Sexuality as a Character Trait

Stonewall Inn, West Village by InSapphoWeTrust, used under CC 2.0

Stonewall Inn, West Village by InSapphoWeTrust, used under CC 2.0

    A Twitter acquaintance and fellow filmmaker Joshua Caldwell recently mentioned that he was working on a movie about a lesbian assassin, called Assassin. I instantly recognized Caldwell’s skills as a director with his movie Layover, which was beautifully shot and has a perfect ending!
    Regarding Assassin, Caldwell posted
a tweet “I think it’s pretty cool. It’s a different take on the hit(wo)man genre. It’s not about being LGBT. The sexuality is irrelevant.”
    Another filmmaker friend,
Paul Osborne, chimed in, tweeting: “Is sexuality irrelevant? Be honest. If your hitwoman fell in love with a guy and [sic] would you still want to make it?”
    I didn’t join the discussion because I felt I needed more time to think about the subject than a Twitter chat generally allows. What came about as a result was, for me a revelation, and maybe even a revolution!


    Throughout the vast majority of mainstream literature there have been a wealth of character traits that have been variables within a story. Everything from sex/gender to vocation, height, weight, strength, nationality, language, travel history, eye color, dexterity (this is starting to feel like a D&D character attribute sheet (I don’t think that’s a bad thing)), etc.
    What was never in question was that women always wanted to have sex with men, and men always wanted to have sex with women. Sexual preferences was never a variable. The only variable in sex was whether and when the characters were going to get any sex.
    Qualifier #1: I write the above paragraph with the full knowledge that there were some “fringe” books that questioned sexual identity prior to the advent and rise to prominence of the
LGBT movement. But, they were never taught broadly, and I’d never heard of them until recently.
    Qualifier #2: Gender identity has also come into question. Men were defined as those who were born with penises, and women were defined as those who were born with vaginas. In order to address a difference, normal must be defined sufficiently, and in this case labeled in a non-derogatory way.
    Thus, men born with penises and women born with vaginas who wanted to have sex with the opposite sex have been called normal, which because it implies any deviation as abnormal, has been translated into the Latin “on the side of”, or cis. So, the above can now be labeled and discussed as a cis male, or a cis female. This is formally known as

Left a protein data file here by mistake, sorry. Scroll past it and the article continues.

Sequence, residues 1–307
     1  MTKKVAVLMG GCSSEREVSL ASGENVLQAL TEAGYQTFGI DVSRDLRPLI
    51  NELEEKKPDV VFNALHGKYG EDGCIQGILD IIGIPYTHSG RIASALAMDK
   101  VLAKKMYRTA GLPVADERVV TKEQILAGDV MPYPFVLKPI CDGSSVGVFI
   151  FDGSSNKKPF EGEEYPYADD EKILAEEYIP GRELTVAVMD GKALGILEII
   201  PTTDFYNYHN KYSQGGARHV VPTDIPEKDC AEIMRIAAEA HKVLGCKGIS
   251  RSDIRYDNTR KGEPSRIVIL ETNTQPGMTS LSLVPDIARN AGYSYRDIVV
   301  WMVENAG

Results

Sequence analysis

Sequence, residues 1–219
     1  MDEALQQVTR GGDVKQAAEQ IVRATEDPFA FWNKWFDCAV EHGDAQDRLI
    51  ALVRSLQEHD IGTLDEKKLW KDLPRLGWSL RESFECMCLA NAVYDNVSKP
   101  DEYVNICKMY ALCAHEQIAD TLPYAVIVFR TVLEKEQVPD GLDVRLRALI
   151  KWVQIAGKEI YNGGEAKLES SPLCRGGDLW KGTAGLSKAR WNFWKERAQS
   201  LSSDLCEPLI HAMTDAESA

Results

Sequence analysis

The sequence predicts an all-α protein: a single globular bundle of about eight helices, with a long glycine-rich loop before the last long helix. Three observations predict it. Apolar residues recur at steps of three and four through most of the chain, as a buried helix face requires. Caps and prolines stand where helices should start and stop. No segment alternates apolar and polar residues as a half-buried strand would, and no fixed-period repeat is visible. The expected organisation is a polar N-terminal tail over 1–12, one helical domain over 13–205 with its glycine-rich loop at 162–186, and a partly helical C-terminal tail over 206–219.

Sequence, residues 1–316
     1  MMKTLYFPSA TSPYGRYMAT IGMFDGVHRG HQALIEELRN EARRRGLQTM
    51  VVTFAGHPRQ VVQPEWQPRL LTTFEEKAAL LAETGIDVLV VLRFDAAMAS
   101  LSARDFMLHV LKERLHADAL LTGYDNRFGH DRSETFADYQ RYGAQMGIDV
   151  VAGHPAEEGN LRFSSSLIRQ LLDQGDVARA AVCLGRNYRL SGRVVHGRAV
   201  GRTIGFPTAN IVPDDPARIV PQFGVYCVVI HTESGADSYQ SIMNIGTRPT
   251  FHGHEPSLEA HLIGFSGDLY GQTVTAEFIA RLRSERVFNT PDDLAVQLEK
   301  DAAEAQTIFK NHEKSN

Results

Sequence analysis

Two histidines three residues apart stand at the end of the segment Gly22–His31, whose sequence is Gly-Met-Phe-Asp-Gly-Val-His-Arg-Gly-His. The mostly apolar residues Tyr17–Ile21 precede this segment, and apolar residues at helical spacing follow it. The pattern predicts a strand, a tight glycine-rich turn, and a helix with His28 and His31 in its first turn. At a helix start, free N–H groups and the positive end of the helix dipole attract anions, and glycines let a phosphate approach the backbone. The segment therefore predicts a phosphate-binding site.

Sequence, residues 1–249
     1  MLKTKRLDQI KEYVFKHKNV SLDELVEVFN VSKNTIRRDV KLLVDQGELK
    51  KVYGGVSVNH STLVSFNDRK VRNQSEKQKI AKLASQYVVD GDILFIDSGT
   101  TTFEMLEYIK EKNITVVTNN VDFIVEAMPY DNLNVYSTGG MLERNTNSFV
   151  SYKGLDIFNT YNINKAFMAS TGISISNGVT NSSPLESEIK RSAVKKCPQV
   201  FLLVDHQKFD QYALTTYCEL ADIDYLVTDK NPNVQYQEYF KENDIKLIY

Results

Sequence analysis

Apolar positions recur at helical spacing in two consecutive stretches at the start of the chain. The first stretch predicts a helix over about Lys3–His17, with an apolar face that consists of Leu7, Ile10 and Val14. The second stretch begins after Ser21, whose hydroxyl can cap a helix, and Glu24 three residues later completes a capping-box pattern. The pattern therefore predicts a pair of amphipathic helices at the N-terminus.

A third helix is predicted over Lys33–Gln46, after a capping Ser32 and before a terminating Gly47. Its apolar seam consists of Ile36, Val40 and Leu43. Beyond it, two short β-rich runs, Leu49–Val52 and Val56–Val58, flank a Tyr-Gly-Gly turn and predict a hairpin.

When I think about character, if I start with the action I instantly run into a question my friend and often collaborator Edward Newton brings up, “Why?” The moment “why” is asked, motivations become an issue. Motivations stem from psychology, which means choices, which means history and brain chemistry.
    While research into LGBT motivations are varied, be they environmental, genetic or choice, or some combination of the three, (no different from just about every other human character trait) an artist’s choice of a character’s gender identity and sexual preference can say a lot about the character.
    For instance, if someone is gay and hasn’t yet made that public (this situation is often referred to as closeted), it means that character may be afraid of the repercussions of that information being known. Imagine being in a place that is extremely conservative (Iran/Alabama/Russia/etc.) where someone’s life may actually be at risk if they’re sexual preference was made known.
    And yet, when they see the object of their desires, what will be their emotional response? How would that response affect their reactions? What would the consequences of those reactions cause? Think: Romeo and Juliet? Is it worth the risk? Maybe they’re romantics and think that it’s worth persecution or death, but with the hope that they may change their culture!
    Or maybe it’s just how they feel and they won’t act on it at all? What kind of story would that be?


    This may appear to be a harsh critique on Joshua Caldwell’s point of view. It’s not. I think Caldwell’s perspective is equally valid and making sexuality relevant or irrelevant is a choice each artist should make while constructing the story they’re choosing to express. My point here is to say that, thanks to the LGBT movement, it’s now a choice we can make.

    I will be exploring sexual identity and preferences (and many ideas) in much greater detail in my next project Intelligent Design. But, for now, keep an eye on filmmakers who are doing it today: Jessica Jones, Sense8, Moonlight, Pariah, Sirens, The Danish Girl, Brokeback Mountain, Carol, and many more. Regardless of whatever moral or religious constraints we might have, more aspects of character that are variables means more and richer stories that can be told, from a wider variety of perspectives. That is the human experience, and I find it fascinating!